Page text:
Levi Roots: the Dragon slayer who wants to be a Dragon

Last year, Dragons' Den success Levi Roots's fortune was at stake, now he's the star of a £2 million ad campaign by the creators of Wallace and Gromit

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Levi Roots: the Dragon slayer who wants to be a Dragon
Written By
Claire Webb

“Last year was either the worst year of my life or it was the best,” declares Dragons’ Den entrepreneur Levi Roots. It was the year his best friend took him to court claiming Roots stole the recipe for his best-selling Reggae Reggae sauce. 

“I can either see it as the worst year – the year my friend turned against me – or I can see it as the year that I found out about him and I got rid of the monkey on my back.” 

Roots was eventually exonerated. Still, it must have been embarrassing when he had to confess the recipe wasn’t really his grandmother’s, as he’d made out? “Not at all,” he denies, six months later. “It wasn’t, because I never really said that. People said that. Those weren’t my words at all.” 

In court, he was less self-assured, especially when he also had to admit he’d never sold Reggae Reggae sauce at Notting Hill carnival, as the bottle stated; that it was all “a marketing ploy.” 

Whether you consider Roots to be a barefaced liar – as his old friend’s lawyer alleged – or simply a savvy businessman, he’s undoubtedly come a long way since Dragons’ Den. He’s done deals with Subway, JD Wetherspoon, Bird’s Eye, Domino’s pizza and most recently KFC (where you can bite into a “Reggae Reggae burger”). His sauce is stocked in all the major supermarkets. 

And now he’s following in the footsteps of the Spice Girls and Barry White by being transformed into an animation by Wallace and Gromit creators Aardman for a £2 million advertising campaign, which will air for the first time tomorrow, Thursday 3 May, on ITV before being rolled out into cinemas. 


Unnervingly, Roots also constantly refers to himself in the third-person, as if he were the product being gobbled up in supermarkets and fast food chains: “It’s Levi Roots’ sauce...the brand is Levi Roots. I think that’s what people are buying.” 

So just how much is “the brand” worth nowadays? “I don’t think that money is part of Levi Roots,” says Roots, without missing a beat. “A lot of people make a lot of what I am worth now and how much the business is worth. But for me, it’s just five years…I don’t like to look at the figures because I know it’s still a growing company.” Suffice to say he frequents the boutique of his favourite suit designer Ozwald Boateng on swanky Savile Row as often as Brixton market these days.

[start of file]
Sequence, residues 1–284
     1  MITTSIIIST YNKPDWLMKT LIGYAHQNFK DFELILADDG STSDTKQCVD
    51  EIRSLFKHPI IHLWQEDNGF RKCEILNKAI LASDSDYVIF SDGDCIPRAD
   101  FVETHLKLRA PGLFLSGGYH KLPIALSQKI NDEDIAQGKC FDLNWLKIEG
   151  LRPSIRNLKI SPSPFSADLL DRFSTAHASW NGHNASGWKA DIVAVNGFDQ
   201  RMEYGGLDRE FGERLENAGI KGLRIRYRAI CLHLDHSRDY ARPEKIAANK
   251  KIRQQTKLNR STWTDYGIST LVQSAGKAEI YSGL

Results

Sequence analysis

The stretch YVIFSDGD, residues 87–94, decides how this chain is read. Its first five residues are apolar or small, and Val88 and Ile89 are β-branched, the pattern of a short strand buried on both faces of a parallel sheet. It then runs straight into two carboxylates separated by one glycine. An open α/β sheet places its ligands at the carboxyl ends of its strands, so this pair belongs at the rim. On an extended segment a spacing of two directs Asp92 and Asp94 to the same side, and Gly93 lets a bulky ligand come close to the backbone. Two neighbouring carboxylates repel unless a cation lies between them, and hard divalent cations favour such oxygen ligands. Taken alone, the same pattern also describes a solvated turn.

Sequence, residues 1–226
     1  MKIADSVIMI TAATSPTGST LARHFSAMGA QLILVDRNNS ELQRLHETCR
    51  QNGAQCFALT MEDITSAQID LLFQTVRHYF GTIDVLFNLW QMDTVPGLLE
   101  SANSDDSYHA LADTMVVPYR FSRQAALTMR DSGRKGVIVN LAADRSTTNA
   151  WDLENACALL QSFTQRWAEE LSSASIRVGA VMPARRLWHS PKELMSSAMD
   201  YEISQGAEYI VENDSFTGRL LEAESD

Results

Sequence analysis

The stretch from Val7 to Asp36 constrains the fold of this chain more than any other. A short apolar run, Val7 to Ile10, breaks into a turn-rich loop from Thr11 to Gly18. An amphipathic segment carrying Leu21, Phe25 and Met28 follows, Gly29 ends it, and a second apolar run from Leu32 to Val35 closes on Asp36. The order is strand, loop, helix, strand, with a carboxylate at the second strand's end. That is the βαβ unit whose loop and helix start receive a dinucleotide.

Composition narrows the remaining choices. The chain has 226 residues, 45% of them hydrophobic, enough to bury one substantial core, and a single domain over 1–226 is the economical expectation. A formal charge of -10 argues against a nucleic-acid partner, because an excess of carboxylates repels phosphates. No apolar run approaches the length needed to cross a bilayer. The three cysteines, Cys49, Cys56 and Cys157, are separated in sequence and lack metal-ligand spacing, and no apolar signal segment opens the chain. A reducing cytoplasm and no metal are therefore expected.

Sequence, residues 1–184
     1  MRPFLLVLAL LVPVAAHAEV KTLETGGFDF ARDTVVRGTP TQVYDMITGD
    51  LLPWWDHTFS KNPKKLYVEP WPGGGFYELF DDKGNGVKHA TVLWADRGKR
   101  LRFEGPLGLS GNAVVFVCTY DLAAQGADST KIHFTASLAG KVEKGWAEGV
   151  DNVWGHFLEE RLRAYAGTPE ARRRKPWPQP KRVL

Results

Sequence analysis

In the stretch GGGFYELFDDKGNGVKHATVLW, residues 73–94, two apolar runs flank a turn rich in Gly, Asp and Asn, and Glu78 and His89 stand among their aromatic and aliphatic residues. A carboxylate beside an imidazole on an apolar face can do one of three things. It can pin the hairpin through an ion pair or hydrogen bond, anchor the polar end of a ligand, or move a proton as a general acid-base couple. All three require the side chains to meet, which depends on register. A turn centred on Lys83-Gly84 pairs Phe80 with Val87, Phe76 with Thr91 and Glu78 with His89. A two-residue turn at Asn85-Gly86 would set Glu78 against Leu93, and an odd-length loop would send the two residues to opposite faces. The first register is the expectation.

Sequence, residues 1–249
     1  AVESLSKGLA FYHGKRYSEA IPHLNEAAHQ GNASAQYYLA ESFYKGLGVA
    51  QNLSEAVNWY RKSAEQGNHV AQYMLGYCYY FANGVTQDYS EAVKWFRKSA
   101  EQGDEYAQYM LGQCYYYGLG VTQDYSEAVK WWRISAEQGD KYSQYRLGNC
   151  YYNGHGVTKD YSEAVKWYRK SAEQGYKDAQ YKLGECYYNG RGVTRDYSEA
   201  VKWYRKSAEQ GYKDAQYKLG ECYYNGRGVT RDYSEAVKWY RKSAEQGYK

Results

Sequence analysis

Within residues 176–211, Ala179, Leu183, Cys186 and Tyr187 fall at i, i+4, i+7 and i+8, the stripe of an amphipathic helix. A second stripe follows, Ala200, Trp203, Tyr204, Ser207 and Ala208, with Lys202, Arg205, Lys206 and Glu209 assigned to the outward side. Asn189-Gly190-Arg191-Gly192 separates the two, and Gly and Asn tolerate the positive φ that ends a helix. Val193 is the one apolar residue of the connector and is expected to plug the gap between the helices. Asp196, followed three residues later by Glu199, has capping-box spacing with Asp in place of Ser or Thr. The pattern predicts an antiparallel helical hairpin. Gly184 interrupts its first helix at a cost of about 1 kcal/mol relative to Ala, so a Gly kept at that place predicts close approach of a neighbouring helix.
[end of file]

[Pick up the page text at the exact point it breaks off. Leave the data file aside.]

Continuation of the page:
What he does reveal is that he wouldn’t say ‘no’ to joining his original backer Peter Jones on the panel of Dragon’s Den. With one condition: “I wouldn’t say the normal things they say, like ‘I’m out.’ That’s too English for me. I would do it the Jamaican way and say ‘Me gone!’” 

As one of the most prosperous and high-profile entrepreneurs of recent years, he’s certainly qualified for the job. But why would the “Dragon slayer” – as he nicknamed himself – want to join the enemy’s ranks? 

“When I was growing up, I never knew a black rasta-man from Brixton could be a role model, an entrepreneur. Now when I visit schools and universities and prisons, people tell me how much seeing me on Dragons’ Den has inspired them. If by being on a TV show, I can inspire young kids to go 'if Levi can do it, I think I can do it as well' then bring it on, that’s what I say.” 

Roots regrets that he’s never been asked to follow up his popular cookery series Caribbean Food Made Easy – “I loved it but I think the BBC were a bit frightened of how the brand had grown.” So he’s decided to take the matter into his own hands and devise his own show. 

What he’d really like to do, he confides, is a televised version of his live show “Rastarant” which unites his dual passions for music and food: “I’m on stage with a six-piece band and the seventh member of the band is a cooker on stage. We have special guests cook with me and then sign songs. It’s brilliant.” 

Also on his to do list is a date with the Queen: “I have met Prince Charles who told me that both his sons enjoy the sauce so it’s got royal approval in that respect. And I’ve met the Prime Minister so there’s only one person next in line for me to meet…” 

What would his grandmother say if she could see him now? “'Lord have mercy! Is that my grandson?'” exclaims Roots, in a heavy Jamaican accent. Then he laughs. 

Levi Roots is appearing at Foodies Festival, Hampton Court Palace, 5-7 May - see foodiesfestival.com for details

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